Ugandan President Backs Anti-Gay Bill

Ugandan President Backs Anti-Gay Bill

Ugandan President Yoweri Museveni said he will sign a bill imposing harsh sentences for homosexual acts — a move that could antagonize the socially liberal Western governments that provide aid to Uganda, NewYorkTimes reports.

Homosexual acts are already prohibited in Uganda by colonial-era law. An earlier version of the bill Museveni is backing was introduced in 2009 and then withdrawn. It included the death penalty in some instances. An international outcry helped scuttle that version, but legislators pushed ahead with a revised one, according to the New York Times.

The bill, if passed, will criminalize “the promotion or recognition” of homosexual relations. After a first conviction, offenders face a 14-year prison sentence. Subsequent convictions of
“aggravated homosexuality” could mean life in prison.

Museveni made the announcement during a convention of his National Resistance Movement, a government spokesman said. “The NRM caucus has welcomed the development as a measure to protect Ugandans from social deviants,” spokesman Ofwono Opondo said in a Twitter post.

Homosexuality is illegal in 38 of 54 African countries, according to Amnesty International.

Homosexual acts are punishable by death in Mauritania, Southern Somalia, Sudan and
Northern Nigeria according to Shariah law. Arrests of gay people increased after President Goodluck Jonathan of Nigeria signed a law criminalizing homosexuality throughout the country in January.

The Ugandan parliament passed the most recent version of the antigay legislation in December. Museveni later wrote a letter to parliament saying lawmakers had made
procedural errors in passing the bill and that in-depth study was needed before it could be
considered again. Museveni said he would seek more expert opinions.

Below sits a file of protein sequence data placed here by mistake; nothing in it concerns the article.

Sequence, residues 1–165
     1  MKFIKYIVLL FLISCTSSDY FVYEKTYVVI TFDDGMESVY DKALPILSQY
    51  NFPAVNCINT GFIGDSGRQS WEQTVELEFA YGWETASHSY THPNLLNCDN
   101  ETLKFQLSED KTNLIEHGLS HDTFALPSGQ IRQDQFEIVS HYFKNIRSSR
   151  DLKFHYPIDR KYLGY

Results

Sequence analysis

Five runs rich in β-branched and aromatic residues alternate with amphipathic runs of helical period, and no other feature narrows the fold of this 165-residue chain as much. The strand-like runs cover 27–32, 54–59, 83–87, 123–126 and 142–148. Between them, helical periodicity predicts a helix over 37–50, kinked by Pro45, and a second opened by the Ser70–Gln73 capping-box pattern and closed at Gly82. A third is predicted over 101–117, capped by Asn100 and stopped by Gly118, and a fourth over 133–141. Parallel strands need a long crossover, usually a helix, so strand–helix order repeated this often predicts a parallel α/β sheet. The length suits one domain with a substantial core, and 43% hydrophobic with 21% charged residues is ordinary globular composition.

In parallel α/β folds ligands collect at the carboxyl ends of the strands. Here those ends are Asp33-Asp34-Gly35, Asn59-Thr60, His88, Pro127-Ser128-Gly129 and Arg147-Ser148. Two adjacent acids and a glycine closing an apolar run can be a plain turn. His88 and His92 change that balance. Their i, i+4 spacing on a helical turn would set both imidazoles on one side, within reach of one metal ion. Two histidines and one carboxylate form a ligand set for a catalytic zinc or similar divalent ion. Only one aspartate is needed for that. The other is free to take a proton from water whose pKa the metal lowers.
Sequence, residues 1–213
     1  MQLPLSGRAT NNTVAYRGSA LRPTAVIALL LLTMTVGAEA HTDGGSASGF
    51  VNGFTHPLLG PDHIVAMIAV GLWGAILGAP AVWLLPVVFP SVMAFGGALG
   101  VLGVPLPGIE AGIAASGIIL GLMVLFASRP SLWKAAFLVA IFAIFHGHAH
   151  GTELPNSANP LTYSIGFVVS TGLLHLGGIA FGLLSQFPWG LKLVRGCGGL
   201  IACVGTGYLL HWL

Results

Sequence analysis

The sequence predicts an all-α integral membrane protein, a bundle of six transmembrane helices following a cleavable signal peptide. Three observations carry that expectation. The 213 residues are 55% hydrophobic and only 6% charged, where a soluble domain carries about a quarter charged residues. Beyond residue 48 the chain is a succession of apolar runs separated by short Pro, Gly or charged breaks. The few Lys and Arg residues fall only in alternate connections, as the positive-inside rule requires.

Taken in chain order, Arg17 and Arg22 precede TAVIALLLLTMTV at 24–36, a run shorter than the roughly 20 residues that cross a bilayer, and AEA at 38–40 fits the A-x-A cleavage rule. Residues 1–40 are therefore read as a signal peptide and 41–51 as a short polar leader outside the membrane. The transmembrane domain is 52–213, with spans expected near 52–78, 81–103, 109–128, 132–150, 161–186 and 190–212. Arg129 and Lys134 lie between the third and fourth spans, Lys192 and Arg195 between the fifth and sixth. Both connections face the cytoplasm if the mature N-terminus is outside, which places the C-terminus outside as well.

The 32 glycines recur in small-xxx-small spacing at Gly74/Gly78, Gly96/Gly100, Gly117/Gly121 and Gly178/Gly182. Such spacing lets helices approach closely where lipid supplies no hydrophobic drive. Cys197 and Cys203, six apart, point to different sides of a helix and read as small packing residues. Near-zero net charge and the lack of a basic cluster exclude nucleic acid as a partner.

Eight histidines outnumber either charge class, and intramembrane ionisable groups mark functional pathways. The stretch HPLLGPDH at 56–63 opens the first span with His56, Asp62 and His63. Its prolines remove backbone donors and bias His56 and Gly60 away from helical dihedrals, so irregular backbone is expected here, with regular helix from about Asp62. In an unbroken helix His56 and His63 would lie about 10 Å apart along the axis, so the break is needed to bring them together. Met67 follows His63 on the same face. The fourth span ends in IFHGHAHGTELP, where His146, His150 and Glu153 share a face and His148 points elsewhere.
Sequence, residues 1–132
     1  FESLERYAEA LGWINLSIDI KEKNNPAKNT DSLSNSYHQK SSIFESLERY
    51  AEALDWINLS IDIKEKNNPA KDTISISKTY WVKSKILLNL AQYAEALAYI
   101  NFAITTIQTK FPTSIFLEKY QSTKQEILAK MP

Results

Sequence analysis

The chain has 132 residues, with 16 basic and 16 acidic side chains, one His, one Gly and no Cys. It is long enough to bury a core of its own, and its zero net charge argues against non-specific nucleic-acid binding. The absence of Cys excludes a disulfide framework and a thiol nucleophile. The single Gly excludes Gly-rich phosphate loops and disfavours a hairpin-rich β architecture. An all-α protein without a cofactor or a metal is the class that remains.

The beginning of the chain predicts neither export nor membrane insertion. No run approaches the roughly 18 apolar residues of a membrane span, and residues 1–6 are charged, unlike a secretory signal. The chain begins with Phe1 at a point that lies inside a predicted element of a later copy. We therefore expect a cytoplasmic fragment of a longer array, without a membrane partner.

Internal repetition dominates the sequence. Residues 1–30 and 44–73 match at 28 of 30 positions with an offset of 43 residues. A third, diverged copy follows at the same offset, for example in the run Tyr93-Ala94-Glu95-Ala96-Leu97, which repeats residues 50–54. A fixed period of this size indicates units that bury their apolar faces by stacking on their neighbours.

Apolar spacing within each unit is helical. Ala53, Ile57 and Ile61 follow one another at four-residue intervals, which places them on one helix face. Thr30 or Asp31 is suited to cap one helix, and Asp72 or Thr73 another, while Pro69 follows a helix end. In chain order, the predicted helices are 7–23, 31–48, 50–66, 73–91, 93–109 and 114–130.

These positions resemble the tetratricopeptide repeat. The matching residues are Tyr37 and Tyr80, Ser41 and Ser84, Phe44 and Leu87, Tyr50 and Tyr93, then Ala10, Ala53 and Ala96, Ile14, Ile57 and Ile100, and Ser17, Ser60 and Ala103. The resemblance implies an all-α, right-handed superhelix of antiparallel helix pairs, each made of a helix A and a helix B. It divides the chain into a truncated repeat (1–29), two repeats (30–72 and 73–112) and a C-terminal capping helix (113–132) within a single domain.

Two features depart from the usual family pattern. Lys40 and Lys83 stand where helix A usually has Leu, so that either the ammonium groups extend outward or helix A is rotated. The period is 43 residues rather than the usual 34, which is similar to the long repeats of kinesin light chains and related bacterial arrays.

“The normal person was created to be attracted to the opposite sex in order to procreate and perpetuate the human race,” Museveni wrote in his December letter. He also said that many women became lesbians out of “sexual starvation” because they had failed to get married.

“This comes after 14 medical experts presented a report that homosexuality is not genetic but a social behavior,” Opondo said on Twitter.

The president’s science adviser, Richard Tushemereirwe, told Museveni at the conference that “homosexuality has serious public health consequences and should therefore not be tolerated,” Reuters reported.

Frank Mugisha, a Ugandan gay rights activist, said in an email he did not believe that Museveni would sign the bill in its current form. “President Museveni knows that this bill is unconstitutional and that we shall challenge it after he signs.

“But his political remarks about signing will only increase violence and hatred towards L.G.B.T. persons in Uganda,” Mugisha said, referring to lesbian, gay, bisexual and transgender.

Uganda has a powerful evangelical Christian lobby that has supported antigay legislation and signing the law would be popular with the conservative Ugandan public. “Ugandan traditionalists, religious leaders and politicians have been urging Museveni to sign
the bill,” Opondo said in another Twitter post, NewYorkTimes reports.

Gay rights advocates say that American evangelicals played a crucial role in pushing an
antigay agenda in Uganda. In 2012, a Ugandan gay rights group filed a lawsuit against an
American evangelist, Scott Lively, in Massachusetts, saying he had incited the persecution of gay men and lesbians in Uganda.

If Museveni signs the bill into law it will likely to antagonize the socially liberal
Western governments that provide aid to Uganda, NewYorkTimes reports.

“The U.S. government cannot stand idly by as a witness to history as the Ugandan government prepares to strip lesbian, gay, bisexual and transgender Ugandans of their human and legal rights,” said Ruth W. Messinger, president of the American Jewish World Service, in a statement.

The measure is a “draconian law, which is nothing less than an act of state-sanctioned hate,” Messinger said.

If Museveni signs the bill, it will “place the lives of countless Ugandans at risk,” the New York-based Center for Constitutional Rights said in a statement. The proposed measure “had already intensified the climate of hatred and persecution” against gay men and lesbians in Uganda, the human rights group said. “The international community has a legal and moral obligation to prevent this law from being implemented.”

But opposition from abroad often only stiffens the resolve of African governments, which
oppose what they perceive to be meddling from foreigners, especially former colonial powers, NewYorkTimes reports.

Those who oppose the law can challenge it in court, Opondo said. “Hey guys supporting homosexuals take it easy Uganda is a sovereign country,” he said in a subsequent Twitter message.